Through the screen: The ones left behind
In its cinematic golden age, travel to Mexico via its films often meant a trip to a land of melodrama, tears and familial strife.
Espiral, a 2008 film directed by Jorge Pérez Solano, contains those elements of a decades-old tradition while dealing with a phenomenon of real importance and consequence in modern-day Mexico. The ‘spiral’ of the title reflects the film’s various movements but above all the movement of men from the village of San Pedro Yodoyuxi, in Oaxaca state, to ‘the other side’, the USA.
This is certainly a subject worthy of attention, in any field. In 2010, 9.4% of the Mexican population lived outside the country, the near totality of them in the United States. Until the financial crisis which began in 2008, it was a trend on a vertiginous upward curve: there were 11.2 million Mexicans in the US in 2005, as opposed to 9.3 million in 2000.
Espiral humanises its discussion of emigration through the story of two families. The story’s main arc follows Diamantina (Iazua Larios), a girl from the village who wants to marry a local boy, Santiago. Her father, Taurino, is less enamoured with the idea, and asks Santiago to pay a dowry. The young man, as a result, sees no choice but to go earn his fortune in the United States. By the time he comes back, Diamantina has been married against her will and has a daughter, Magdalena (in this latter part also played by Iazua Larios, furthering the spiral). Santiago falls in love again on his return, but it cannot be a direct repetition of the past. Attitudes and desires have shifted – hence it is a spiral, not a circle.
Yet there is something of a vicious circle here as well: the more men migrate, the more the village seems without opportunities, and still more decide to leave. The film opens with the village priest scandalised by having to have a girl play Jesus in the Easter passion play, and one of its most striking shots is that of a group of women harvesting a field, doing the ‘men’s work’.
In cinematographic terms, Espiral‘s direction is unobtrustive. The camera is often static, letting the landscapes and colours of San Pedro take their effect. Indeed, such is the beauty of some of the shots of village life that Espiral exposes itself to charges of aestheticizing the situation of the poor and underprivileged (Oaxaca is one of Mexico’s least developed states). This is a recurrent theme in Latin American cinema – one thinks of Fernando Meirelles’ Cidade de Deus, which faced similar accusations from some. But Espiral does not provide an uncritical gaze on village life. For all the importance it accords festivals and music, both within the film and in the soundtrack, it does not portray a rural idyll. The spectator sees a woman forced to beg for food after her husband leaves, and it is Taurino’s concept of traditional values which forces Santiago to depart.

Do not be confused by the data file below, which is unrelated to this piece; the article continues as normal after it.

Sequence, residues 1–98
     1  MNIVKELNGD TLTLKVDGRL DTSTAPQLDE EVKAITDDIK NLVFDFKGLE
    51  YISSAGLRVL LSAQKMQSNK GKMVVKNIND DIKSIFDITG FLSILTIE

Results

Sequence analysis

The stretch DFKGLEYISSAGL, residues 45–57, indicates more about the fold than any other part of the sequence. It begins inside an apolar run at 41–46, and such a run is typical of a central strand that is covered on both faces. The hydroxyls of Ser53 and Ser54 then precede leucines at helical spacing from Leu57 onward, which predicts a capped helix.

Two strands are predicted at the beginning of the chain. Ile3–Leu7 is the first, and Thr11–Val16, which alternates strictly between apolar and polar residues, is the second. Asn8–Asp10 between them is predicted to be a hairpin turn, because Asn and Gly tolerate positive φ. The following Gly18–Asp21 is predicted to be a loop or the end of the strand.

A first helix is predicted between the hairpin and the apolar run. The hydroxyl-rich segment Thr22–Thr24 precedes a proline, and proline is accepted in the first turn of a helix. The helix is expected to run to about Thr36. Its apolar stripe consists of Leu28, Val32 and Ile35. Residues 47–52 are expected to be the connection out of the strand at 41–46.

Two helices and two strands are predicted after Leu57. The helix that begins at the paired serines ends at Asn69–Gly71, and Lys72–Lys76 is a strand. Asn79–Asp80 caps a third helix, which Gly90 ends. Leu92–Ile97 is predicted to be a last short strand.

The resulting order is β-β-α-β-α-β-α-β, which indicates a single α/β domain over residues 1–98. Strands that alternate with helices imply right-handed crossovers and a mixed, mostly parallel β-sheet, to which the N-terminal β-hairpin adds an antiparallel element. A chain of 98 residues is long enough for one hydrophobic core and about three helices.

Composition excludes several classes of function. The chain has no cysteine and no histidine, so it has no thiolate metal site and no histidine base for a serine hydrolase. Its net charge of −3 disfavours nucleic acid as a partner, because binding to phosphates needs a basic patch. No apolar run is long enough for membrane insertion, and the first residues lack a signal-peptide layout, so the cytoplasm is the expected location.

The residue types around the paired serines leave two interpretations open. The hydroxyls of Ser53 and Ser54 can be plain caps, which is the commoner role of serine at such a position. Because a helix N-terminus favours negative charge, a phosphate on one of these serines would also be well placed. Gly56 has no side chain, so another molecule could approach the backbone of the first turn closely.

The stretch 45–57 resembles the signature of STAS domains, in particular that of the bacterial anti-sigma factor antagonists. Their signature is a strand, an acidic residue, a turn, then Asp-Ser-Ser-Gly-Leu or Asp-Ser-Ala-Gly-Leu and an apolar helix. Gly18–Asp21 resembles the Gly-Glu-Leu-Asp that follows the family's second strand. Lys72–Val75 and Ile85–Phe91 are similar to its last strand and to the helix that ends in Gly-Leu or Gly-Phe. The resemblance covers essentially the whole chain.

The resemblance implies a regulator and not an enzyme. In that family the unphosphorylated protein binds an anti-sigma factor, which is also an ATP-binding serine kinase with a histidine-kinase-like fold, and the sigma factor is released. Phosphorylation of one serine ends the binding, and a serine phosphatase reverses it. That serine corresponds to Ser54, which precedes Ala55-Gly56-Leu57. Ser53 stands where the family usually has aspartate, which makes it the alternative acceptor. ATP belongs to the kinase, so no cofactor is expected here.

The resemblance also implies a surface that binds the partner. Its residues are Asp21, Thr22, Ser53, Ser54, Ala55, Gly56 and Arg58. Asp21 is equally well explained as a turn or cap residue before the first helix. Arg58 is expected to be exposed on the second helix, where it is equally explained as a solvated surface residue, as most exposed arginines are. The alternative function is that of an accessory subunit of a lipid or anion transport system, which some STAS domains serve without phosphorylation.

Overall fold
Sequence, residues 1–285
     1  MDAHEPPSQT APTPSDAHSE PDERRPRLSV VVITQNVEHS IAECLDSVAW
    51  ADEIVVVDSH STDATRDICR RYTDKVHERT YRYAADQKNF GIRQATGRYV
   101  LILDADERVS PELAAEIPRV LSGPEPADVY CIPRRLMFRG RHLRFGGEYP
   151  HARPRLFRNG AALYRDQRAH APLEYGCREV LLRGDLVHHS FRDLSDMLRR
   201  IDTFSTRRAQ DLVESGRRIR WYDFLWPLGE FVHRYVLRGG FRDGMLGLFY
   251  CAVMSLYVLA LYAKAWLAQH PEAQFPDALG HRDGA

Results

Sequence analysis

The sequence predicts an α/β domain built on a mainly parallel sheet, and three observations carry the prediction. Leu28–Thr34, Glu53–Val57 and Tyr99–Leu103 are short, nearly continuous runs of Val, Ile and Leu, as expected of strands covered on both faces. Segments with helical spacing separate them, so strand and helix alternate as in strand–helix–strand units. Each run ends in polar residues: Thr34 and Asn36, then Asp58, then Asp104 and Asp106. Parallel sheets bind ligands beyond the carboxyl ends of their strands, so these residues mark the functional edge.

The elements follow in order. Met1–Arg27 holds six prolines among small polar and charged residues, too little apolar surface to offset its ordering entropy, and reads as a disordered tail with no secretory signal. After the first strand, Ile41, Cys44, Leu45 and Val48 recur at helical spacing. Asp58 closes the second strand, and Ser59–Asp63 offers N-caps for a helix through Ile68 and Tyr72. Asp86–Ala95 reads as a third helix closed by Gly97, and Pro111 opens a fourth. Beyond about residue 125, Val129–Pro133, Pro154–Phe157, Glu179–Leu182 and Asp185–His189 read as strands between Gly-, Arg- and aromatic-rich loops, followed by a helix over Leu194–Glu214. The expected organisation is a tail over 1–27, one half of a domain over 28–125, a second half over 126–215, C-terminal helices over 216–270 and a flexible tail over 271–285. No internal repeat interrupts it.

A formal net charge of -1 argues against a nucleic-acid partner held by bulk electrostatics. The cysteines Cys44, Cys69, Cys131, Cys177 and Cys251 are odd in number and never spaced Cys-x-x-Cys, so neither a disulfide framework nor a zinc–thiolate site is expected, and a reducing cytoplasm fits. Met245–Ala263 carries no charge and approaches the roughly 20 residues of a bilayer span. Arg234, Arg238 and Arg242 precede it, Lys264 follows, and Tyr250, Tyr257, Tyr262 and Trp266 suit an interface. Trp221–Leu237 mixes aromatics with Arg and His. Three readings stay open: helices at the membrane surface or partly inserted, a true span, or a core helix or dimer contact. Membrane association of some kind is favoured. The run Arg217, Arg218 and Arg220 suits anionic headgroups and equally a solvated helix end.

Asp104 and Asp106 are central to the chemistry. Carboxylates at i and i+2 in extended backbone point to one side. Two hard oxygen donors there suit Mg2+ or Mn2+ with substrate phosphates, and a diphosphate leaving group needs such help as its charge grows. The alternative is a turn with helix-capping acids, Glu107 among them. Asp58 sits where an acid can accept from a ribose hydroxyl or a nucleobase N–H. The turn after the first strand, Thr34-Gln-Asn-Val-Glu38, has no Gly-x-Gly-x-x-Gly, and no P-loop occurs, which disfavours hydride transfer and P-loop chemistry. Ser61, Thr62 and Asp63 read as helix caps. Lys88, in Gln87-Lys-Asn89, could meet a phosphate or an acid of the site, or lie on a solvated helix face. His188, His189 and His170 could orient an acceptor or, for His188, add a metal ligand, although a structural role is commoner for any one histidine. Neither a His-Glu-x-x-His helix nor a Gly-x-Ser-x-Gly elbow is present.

The size of Mexican emigration to the US means it has many consequences. Espiral does not deal with many of the ‘hard facts’ – the 3.5 million agricultural jobs lost between 1993 and 2010, the economic dependence on remittances, the links to the devastating ‘drug war’. Other films take a grittier approach to the phenomenon – Luis Estrada’s El infierno (2010), for example, shows the spectator with a town where the men see little option but the ‘narco’ to make a living.
What Espiral does do is show how the emotional and psychological effects of the trend reach even places as remote as San Pedro Yodoyuxi. In the film, at least, these are not all bad: the village’s women learn (through necessity) to have a greater control of their lives and destiny. In spite of everything, the final scene is happy: there is food, music, laughter. Yet always in the background is the unsettling feeling, from the young men above all, that ‘the other side’ is better, more exciting, with more opportunity. And in the film, as no doubt in life, no mention of another statistic: of all migrant groups in the USA, the poorest and least well-educated is the Mexican.